Rainer Forst's Toleration in Conflict (published in English 2013) is
the most important historical and philosophical analysis of toleration of the
past several decades. Reconstructing the entire history of the concept, it
provides a forceful account of the tensions and dilemmas that pervade the
discourse of toleration. In his lead essay for this volume, Forst revisits his
work on toleration and situates it in relation to both the concept of political
liberty and his wider project of a critical theory of justification.
Interlocutors Teresa M. Bejan, Chandran Kukathas, John Horton, Daniel Weinstock,
Melissa S. Williams, Patchen Markell and David Owen then critically examine
Forst's reconstruction of toleration, his account of political liberty and
the form of critical theory that he articulates in his work on such political
concepts. The volume concludes with Forst’s reply to his critics.
The first question of justice, Rainer Forst argues, is the question of power. Because the focus of justice is the relations in which we stand to one another, it tracks relations of power conceived as the ability ‘ to influence, use, determine, occupy, or even seal off the space of reasons for others ’. 1 Justice does not require the absence of power, rather it requires that persons stand in relations of equality with respect to the exercise of power – something that Forst marks with the idea of a right to justification. Thus, in any scheme of rule, what
I The practice of justification
Rainer Forst’s constructivist theory of justice offers a compelling account of what it means to act morally. At the heart of human morality, he argues, is the commitment to demonstrate our respect for other persons as rational beings who are also finite and vulnerable. Respect for others’ rational nature demands that we act towards them only in a manner that could be justified by generally valid reasons. Responsiveness to others’ vulnerability – which is always particular, unique to each individual – demands that we engage in a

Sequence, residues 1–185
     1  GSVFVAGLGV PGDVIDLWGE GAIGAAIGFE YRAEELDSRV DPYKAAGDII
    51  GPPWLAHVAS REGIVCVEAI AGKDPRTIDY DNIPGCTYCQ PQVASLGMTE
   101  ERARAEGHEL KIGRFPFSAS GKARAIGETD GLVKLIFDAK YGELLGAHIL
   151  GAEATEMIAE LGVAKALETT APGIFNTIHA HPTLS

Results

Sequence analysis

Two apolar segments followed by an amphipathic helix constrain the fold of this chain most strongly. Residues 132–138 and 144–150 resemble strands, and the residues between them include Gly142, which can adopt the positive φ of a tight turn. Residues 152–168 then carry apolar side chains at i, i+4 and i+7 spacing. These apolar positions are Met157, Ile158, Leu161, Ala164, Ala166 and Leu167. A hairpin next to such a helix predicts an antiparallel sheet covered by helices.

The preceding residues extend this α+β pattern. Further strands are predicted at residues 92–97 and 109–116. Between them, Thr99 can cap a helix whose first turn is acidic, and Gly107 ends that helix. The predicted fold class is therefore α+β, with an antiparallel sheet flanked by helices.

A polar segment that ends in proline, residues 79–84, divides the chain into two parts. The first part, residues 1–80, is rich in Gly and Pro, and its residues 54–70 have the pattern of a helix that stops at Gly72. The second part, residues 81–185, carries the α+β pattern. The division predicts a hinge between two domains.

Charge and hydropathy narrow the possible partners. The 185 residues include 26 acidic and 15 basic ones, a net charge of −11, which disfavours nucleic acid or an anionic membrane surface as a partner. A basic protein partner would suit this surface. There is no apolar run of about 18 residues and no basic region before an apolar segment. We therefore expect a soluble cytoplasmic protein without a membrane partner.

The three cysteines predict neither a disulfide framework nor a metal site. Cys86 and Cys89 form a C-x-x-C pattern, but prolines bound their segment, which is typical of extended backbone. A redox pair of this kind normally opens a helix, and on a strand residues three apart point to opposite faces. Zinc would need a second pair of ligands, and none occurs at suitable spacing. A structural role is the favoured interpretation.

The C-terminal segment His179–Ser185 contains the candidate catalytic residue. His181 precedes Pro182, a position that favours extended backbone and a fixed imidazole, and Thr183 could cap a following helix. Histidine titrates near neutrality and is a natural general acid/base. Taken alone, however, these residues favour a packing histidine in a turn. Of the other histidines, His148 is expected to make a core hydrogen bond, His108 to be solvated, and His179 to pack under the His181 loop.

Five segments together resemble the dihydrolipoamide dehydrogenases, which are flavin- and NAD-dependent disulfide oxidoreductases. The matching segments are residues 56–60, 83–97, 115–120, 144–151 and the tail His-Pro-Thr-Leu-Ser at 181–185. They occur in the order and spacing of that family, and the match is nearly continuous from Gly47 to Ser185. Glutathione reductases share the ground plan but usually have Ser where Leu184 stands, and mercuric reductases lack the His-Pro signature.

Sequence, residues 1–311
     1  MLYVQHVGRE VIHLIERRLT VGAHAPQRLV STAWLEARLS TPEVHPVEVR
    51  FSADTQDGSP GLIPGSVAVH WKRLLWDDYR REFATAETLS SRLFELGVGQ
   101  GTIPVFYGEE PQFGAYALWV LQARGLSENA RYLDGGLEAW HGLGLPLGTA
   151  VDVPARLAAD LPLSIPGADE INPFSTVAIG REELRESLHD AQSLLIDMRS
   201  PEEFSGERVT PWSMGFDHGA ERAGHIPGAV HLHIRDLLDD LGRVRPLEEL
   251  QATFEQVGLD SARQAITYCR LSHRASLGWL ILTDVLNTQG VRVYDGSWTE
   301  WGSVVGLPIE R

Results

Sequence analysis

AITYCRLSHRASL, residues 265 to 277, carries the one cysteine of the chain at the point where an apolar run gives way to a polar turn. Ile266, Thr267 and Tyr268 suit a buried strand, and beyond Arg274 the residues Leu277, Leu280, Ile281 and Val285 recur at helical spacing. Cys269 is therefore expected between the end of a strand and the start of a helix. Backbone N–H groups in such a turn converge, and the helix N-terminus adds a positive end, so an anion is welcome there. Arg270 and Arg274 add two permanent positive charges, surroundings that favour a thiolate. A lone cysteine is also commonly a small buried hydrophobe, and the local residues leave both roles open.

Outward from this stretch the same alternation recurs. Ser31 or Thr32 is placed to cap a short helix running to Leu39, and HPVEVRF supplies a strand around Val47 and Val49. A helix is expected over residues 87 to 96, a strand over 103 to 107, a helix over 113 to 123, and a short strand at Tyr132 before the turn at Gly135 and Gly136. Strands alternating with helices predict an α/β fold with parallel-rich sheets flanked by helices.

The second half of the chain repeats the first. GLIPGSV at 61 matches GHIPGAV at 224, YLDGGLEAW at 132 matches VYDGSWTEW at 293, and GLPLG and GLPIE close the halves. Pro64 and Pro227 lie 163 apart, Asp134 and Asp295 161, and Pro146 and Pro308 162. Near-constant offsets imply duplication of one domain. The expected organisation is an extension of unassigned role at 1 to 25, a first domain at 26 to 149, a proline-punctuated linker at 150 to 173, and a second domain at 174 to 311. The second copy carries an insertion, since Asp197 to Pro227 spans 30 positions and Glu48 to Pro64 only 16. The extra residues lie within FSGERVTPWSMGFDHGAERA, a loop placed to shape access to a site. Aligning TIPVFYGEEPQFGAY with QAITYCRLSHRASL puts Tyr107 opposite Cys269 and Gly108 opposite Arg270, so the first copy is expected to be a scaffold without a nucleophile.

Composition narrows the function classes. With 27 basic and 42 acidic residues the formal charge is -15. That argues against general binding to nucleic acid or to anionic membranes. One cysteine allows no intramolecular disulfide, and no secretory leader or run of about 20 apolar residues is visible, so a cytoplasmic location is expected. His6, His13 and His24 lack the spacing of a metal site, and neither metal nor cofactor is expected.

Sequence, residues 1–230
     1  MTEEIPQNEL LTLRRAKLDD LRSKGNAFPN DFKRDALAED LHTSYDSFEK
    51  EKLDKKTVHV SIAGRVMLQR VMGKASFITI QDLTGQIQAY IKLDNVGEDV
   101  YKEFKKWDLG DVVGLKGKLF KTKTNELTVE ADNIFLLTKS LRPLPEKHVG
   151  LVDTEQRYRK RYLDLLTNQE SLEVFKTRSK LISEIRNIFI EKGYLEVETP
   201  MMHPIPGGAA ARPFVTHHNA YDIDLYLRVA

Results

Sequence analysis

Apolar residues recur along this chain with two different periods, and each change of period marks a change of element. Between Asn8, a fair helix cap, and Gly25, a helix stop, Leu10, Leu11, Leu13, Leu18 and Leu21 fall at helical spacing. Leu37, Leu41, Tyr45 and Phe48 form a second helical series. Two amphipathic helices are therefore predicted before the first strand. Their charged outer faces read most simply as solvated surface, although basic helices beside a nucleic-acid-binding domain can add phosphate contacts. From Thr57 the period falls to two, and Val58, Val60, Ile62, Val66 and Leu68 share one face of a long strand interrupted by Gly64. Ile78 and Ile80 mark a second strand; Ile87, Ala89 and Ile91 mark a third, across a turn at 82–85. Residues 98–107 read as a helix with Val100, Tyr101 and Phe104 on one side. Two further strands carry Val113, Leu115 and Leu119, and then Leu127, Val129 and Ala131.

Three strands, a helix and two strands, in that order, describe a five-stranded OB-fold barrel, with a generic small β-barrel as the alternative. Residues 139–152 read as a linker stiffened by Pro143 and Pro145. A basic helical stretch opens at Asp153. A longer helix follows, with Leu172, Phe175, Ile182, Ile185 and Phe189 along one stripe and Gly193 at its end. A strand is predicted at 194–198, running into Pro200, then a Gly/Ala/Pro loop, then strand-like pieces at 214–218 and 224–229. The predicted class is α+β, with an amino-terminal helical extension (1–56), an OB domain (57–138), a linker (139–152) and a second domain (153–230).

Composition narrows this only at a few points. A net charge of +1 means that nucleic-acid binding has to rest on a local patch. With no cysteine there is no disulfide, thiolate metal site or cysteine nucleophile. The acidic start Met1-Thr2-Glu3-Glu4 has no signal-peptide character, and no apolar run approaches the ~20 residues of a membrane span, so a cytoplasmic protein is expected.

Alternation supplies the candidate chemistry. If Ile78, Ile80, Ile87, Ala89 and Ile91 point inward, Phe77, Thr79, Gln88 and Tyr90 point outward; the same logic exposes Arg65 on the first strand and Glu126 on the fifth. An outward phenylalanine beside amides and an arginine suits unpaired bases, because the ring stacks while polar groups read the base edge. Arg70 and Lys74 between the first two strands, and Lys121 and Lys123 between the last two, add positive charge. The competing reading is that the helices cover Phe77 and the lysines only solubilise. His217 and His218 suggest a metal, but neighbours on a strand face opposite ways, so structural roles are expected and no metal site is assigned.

I am not the first reader of Rainer Forst’s political philosophy to observe that there is a certain relentlessness and single-mindedness in his commitment to the practice of rational justification as the engine of social criticism and moral progress. 1 Seyla Benhabib, for example, has observed that Forst elevates the right to justification to the status of the ‘supreme principle of practical reason’. For Benhabib, this results in the ‘overmoralization’ of ethical and political life, overlooking both the dependence of the ‘universalistic moral point of view’ on
relations of dominance and subservience that led Goethe, Paine and Kant and others in the past and Wendy Brown in our own day to be highly disparaging of the very idea of toleration, 19 the respect conception enshrines a notion of reciprocity between individuals or groups that is based on a more worthy ideal of equality of persons. On this view, it is the ‘ moral notion of the person as a reasonable being with … a right to justification [that] is fundamental. This right to justification is based on the recursive general principle that every norm that is to legitimise